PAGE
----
The circulating nurses are responsible for taking care of all the duties that fall outside of the sterile field, like fetching additional supplies, medications or instruments.  They also control the environment by regulating the temperature, and adjust the electronic machinery (like the electrocautery unit, or the sternal saw) according to the surgeon’s immediate needs and specifications.

Patricia and Estebes, circulating nurses

Patricia and Estebes, circulating nurses

Dr. Salgua is the medical doctor who works in the office, seeing patients and assessing their medical (nonsurgical needs.) For the last year, she has also worked as Dr. Barbosa’s First Assistant in Surgery.  If there is any chance for friction in the operating room, most likely it will come from her.  I am cautiously nice but optimistic when I realize she is fairly quiet, and not overly aggressive.  (I relax, but just a bit.  I am still nervous about how the team will take to me, even though the common Oops! “accidental” needle stick scenario seems unlikely here.

Dr. Salgua

Dr. Salgua

 

Everyone is very friendly and welcoming and even before starting the actual surgery, I am breathing easier and starting to think that maybe I could belong here, with this group.

The surgery went well (valve replacement and annuloplasty).  After the surgery, we transport the patient to the intensive care unit and give report to the doctors and nursing waiting to assume care of the patient.

Note: patient did well and went home on POD # 3 on 3/28/2014.

 

26 March 2014 – Wednesday

More surgery today, but still no coronaries (and thus no saphenectomies).  It was a great day in the operating room – I closed the sternal incision..  (BTW, surgery went beautifully).  I am already starting to feel more at home with the operating room staff, and I feel like they don’t mind having me around.  Dr. Salgua has been very kind in assisting me during procedures, which is a relief.  She still stays pretty quiet during the cases, but I think maybe sometimes she is a bit nervous too.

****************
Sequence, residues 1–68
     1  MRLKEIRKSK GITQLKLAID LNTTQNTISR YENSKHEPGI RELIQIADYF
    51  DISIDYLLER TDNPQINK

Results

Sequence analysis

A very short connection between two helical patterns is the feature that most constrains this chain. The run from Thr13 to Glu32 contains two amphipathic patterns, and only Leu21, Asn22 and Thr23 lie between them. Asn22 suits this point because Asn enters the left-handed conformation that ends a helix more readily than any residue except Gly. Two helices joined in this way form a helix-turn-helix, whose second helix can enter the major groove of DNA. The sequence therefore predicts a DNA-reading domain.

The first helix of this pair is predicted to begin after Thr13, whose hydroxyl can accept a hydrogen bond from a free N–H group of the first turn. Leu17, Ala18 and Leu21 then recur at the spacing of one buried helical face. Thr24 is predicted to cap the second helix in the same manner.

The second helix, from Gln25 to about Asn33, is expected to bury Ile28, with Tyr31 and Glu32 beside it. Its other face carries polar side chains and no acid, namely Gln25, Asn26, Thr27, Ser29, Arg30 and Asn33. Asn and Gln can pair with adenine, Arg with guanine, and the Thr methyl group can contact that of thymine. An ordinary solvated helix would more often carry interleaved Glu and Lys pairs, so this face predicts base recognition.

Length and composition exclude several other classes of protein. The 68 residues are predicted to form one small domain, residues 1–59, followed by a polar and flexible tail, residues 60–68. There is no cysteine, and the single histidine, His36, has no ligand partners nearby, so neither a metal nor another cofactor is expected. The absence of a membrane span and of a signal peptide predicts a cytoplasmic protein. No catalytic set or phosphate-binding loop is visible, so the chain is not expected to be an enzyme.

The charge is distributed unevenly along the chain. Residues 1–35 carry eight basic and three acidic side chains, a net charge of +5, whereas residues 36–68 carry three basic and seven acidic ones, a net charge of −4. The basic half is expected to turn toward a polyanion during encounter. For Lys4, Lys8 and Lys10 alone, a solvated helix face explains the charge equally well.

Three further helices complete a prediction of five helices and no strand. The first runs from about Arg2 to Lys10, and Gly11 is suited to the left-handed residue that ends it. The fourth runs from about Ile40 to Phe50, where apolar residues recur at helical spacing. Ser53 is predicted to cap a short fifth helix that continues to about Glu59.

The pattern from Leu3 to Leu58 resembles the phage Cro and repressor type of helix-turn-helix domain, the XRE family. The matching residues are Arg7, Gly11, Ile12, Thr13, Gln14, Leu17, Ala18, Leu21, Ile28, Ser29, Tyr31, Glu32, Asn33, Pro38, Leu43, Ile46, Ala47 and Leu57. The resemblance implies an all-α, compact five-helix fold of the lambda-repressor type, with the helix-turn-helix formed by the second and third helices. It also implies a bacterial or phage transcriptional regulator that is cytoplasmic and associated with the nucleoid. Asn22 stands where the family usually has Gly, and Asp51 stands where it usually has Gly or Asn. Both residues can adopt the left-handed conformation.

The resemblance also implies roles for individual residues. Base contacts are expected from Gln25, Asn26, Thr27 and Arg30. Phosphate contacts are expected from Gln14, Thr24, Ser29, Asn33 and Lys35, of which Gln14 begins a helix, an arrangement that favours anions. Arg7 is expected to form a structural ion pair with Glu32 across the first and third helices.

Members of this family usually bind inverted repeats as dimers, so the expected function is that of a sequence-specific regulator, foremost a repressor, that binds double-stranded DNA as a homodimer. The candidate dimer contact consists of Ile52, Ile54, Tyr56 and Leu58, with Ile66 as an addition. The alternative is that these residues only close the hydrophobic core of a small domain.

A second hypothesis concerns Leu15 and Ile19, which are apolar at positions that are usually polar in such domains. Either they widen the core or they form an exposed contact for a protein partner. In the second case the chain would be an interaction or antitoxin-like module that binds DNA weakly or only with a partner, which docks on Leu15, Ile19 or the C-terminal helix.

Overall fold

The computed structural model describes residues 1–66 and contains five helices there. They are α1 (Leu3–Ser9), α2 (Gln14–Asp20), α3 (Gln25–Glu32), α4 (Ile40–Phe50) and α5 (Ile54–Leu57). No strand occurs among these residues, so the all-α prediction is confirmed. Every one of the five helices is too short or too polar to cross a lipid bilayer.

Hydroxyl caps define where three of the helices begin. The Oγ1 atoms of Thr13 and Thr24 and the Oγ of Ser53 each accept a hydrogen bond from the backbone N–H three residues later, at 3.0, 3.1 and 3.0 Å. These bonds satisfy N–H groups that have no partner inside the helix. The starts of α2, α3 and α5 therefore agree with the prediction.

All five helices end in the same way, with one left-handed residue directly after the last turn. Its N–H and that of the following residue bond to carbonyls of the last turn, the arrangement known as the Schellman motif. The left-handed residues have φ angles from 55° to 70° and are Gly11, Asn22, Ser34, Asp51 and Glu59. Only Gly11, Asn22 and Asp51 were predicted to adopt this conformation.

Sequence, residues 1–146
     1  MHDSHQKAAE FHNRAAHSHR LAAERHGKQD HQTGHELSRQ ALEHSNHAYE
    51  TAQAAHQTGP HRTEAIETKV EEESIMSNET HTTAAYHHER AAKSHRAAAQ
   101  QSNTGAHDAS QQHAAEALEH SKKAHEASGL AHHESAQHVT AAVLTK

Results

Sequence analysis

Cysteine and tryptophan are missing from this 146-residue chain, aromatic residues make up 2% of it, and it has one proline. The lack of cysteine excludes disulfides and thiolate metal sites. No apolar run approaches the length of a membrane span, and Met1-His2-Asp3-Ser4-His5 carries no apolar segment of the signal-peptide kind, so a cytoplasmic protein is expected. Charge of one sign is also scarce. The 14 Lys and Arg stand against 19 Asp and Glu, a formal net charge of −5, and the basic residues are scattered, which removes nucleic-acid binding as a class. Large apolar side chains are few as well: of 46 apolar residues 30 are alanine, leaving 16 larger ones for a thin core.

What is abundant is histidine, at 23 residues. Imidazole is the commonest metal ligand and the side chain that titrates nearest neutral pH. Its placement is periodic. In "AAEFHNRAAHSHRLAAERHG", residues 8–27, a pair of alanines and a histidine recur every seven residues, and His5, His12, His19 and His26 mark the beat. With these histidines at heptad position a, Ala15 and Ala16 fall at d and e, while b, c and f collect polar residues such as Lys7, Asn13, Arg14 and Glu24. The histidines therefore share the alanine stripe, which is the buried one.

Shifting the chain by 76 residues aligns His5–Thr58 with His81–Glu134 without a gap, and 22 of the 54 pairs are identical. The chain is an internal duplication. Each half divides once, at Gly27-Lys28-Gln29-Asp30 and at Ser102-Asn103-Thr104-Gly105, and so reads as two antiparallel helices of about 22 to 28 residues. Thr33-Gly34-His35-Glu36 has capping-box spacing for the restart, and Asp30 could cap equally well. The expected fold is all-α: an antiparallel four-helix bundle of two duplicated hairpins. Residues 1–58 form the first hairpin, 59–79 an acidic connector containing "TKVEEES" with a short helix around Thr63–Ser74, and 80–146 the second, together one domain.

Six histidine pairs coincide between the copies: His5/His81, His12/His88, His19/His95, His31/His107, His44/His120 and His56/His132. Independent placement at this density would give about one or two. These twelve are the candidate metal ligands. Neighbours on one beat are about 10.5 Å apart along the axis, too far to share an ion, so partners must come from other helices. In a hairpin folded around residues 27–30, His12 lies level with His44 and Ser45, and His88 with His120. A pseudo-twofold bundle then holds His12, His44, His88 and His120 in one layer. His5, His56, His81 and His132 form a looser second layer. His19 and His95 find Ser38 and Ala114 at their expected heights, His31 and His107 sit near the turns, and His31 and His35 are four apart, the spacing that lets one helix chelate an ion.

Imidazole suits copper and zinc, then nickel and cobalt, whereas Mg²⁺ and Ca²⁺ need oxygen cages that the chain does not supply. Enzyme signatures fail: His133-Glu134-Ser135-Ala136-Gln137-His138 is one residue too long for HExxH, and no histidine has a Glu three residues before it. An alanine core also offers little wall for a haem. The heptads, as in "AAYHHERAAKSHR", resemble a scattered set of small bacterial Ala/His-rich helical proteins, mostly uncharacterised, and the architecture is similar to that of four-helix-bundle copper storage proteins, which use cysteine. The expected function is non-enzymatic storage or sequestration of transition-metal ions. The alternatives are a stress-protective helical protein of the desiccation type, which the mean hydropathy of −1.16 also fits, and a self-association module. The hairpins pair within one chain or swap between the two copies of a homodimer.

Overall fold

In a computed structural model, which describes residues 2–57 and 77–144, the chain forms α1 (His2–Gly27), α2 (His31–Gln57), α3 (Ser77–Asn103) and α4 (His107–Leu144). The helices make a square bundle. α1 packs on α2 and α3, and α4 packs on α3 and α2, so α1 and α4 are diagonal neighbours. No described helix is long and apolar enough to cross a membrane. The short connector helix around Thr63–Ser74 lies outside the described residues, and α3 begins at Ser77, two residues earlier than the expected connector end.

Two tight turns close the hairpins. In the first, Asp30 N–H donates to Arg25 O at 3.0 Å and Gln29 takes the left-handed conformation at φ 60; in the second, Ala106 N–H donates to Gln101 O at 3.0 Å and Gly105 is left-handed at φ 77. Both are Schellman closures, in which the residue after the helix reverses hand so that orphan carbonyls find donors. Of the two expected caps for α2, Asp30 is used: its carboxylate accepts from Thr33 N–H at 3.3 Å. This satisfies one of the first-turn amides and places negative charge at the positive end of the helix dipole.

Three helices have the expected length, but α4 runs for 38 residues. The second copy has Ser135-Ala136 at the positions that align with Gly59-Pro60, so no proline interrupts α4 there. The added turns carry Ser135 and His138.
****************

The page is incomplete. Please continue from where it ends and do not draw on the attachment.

with the team

with the team

After transferring the patient to the ICU, our second visit to the patient from yesterday finds her over in the general surgery ward.  (This morning she had been sitting up in a chair in the ICU when we arrived.)  She looks good and states she is sore, but otherwise fine.

barbosa 082

The cardiac catheterization lab calls; there are four cath films they want us to review, and patients to discuss regarding surgery.  The patients themselves are resting in the recovery area after the cath procedure, so our administrative assistant, Paola makes appointments for each of them and instructs them to bring their families, medications and any questions.

The most interesting part of the cath lab is who is doing the caths.  It’s a nurse, while the cardiologist sits behind the protective radiation shielded glass enclosure viewing the films and calling out for additional views.  I wonder if the nurse knows that in the United States, a similar position would pay over 100,000 dollars.  But this is one of the things that I see a lot of her in Colombia and in Mexico.  Well trained nurses being essentially nurse practitioners (making diagnoses, treating disease, performing invasive procedures) but without the status or the compensation.

My roommate and I talk about this disparity sometimes.  She’s a master’s trained nurse herself, so it makes for some very interesting discourse and insights. (She doesn’t like to have her picture taken, so I haven’t.)

We finish seeing patients and head home.  The doctors head off for a siesta.  Dr. Barbosa has been up since before five for his daily exercise before surgery.

As for me – after some scouting of the immediate areas around the hospital and the apartment, I went on my motorcycle tour.  It was great fun but I got an important reminder of the perils of motorcycles just a few days later.

Note: After and uneventful surgery (defect repair), patient recuperated quickly, and was discharged 3/29/2014.

 

27 March 2014 – Thurday

The week is really flying by.  I’ve been having fun with the operating room team.  They are a great group. Everyone has been extremely nice and welcoming.  (You can never be sure how your presence is going to be tolerated or change the existing dynamic.)   Dr. Melano and I have a couple of animated discussions over current practices, literature and recent meta-analyses.  It’s an enjoyable discourse even though my vocabulary often fails me.  I hear myself making grammatic mistakes and repeated errors in Spanish but it seems with some much going on (reviewing my anatomy, practicing my suture ties, assisting in the operating room and trying to keep up on my writing )- I just can’t seem to remember as much as I should in Spanish.  I inwardly cringe when I substitute ‘conocer’ for ‘saber’ yet again, but the word is out of my mouth in reply to a question before I can corect myself.